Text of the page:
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Mathilde De Robien – 01/04/22
Names that raise the banner of Christ.
Christmas is the feast of Christ’s birth, and naming babies born during this season — or anytime of the year, really — is an opportunity to render homage to Him who became man to save all of humanity. Here’s a selection of names—some quite familiar, some less so—that raise the banner of Christ.
From the Greek “christos” (anointed) and “phorein” (carry), this name literally means, “He who carries Christ.” St. Christopher was a 3rd-century martyr who died in Lycea (now located in Turkey). There is evidence of devotion to him as early as the 5th century, in Bithynia, where a basilica was dedicated to him.
According to tradition, he was a ferryman of prodigious proportions who helped pilgrims cross the river. One day, he lifted a child of extraordinary weight: it was Christ. He then helped him to cross the river by carrying him on his shoulders. This legend has made him the patron saint of travelers.
2. Christian (also Christine, Kristan, or Kristen)
This is a common word for followers of Christ, but it’s also a saint’s name. St. Christian was a Polish monk, killed by brigands in 1003, along with four Italian monks who went to evangelize Poland. He is celebrated on November 12.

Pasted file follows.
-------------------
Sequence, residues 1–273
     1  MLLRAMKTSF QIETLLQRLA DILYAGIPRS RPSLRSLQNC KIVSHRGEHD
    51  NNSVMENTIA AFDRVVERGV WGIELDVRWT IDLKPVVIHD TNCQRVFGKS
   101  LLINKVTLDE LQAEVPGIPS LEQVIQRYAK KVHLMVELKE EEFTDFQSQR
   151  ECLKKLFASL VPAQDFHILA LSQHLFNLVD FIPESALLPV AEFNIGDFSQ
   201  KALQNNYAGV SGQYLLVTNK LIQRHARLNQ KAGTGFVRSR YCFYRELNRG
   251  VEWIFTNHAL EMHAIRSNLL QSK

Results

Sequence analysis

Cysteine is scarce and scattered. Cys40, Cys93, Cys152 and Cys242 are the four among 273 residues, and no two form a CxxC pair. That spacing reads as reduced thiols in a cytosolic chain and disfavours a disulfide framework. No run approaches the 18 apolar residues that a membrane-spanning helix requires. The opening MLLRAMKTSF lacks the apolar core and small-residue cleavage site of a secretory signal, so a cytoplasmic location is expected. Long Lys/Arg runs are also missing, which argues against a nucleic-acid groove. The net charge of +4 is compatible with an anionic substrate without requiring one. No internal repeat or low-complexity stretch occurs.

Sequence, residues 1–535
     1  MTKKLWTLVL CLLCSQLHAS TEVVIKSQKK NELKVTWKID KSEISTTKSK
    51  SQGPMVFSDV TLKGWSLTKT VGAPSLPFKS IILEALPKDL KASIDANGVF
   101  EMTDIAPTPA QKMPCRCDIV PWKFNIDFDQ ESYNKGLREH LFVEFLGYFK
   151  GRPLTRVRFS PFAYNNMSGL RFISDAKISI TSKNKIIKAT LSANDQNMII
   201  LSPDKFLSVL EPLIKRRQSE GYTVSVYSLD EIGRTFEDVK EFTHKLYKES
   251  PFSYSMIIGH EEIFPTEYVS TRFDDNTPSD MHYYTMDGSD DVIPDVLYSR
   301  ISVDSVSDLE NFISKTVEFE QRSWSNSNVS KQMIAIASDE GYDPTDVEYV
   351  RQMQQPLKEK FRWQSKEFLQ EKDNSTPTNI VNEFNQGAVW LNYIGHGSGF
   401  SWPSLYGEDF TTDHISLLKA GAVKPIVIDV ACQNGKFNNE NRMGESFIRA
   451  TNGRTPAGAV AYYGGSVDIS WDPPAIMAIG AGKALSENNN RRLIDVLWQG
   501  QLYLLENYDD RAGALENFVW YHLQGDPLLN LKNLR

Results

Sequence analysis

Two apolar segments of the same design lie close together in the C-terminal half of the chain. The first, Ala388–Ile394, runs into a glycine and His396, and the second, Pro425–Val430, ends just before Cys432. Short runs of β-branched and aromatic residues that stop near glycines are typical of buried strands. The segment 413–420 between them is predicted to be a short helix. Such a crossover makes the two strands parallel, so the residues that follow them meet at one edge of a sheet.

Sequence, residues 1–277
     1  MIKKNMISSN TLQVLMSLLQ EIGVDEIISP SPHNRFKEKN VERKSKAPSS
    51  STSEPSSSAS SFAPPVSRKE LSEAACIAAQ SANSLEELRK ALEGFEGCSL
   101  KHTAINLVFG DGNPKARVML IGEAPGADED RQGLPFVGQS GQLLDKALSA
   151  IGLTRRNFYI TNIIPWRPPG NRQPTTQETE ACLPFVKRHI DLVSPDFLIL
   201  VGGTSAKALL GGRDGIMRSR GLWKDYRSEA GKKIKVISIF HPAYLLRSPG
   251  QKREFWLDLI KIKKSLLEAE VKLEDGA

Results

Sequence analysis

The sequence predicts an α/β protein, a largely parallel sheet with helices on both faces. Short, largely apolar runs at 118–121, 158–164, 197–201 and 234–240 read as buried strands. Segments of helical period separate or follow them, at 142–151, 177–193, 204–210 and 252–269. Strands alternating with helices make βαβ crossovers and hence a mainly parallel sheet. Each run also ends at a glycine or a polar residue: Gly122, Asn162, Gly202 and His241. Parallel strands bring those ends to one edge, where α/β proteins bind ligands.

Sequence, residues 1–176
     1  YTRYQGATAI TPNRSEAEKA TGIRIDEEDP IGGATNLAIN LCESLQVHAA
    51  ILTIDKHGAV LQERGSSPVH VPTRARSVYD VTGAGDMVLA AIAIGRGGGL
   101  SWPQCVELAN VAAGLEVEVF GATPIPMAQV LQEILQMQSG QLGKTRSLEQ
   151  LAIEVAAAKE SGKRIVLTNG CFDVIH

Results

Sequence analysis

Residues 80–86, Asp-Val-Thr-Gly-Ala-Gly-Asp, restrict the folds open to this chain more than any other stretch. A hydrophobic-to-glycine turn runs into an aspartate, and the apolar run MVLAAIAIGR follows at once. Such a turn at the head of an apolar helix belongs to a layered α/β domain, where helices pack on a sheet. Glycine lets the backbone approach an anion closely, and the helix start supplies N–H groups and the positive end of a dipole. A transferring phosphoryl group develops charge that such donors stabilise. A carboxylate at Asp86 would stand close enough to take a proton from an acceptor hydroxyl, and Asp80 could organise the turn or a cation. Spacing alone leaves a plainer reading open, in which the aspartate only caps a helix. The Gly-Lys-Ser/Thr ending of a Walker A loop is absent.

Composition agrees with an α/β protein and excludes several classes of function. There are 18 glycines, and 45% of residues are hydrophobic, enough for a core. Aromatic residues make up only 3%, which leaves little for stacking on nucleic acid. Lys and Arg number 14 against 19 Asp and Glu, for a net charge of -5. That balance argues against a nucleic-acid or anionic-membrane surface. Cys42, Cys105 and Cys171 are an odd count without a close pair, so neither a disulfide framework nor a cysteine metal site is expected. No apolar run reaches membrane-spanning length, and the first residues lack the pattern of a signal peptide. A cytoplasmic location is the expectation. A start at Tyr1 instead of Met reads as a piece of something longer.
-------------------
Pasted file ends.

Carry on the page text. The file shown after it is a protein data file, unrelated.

Christian became a name in its own right after the edict of Constantine, in 313. This edict granted freedom of worship to all religions, so that everyone could “worship the divinity in heaven in his own way.”
From the Greek “chrysos” (gold) and “stoma” (mouth), Chrysostom literally means “golden mouth.” It was the nickname of a bishop of Constantinople, St. John Chrysostom, renowned for his edifying homilies and speeches. He supported the Catholic faith against the pressure of imperial power, which led to his removal from his patriarchal seat in Constantinople and his exile to the Black Sea. He died in 407. Today, he’s a doctor of the Church, and is celebrated in the Western Church on September 13.
Although etymologically, Chrysostom does not come from “Christ,” the similarity of its sound and the service rendered to Christ by the saint who bore the name gives the it a place in this selection.
A Spanish derivative of Christopher, Cristobals have a patron saint in the person of Blessed Cristobal de Santa Catalina, a 17th-century Spanish priest. He was a holy man who combined his work as a hospital nurse with his priestly ministry. In 1670, he joined the Third Order of St. Francis and committed himself to serving the poor by creating the Franciscan Hospitallers of Jesus of Nazareth. In 1690, in the middle of a cholera epidemic, he contracted the illness while treating the sick. He died on July 24.
The tradition of care for the sick founded by Father Cristobal continues today with the congregation of the Franciscan Hospitaller Sisters of Jesus of Nazareth. Beatified in 2013, he is celebrated on July 24.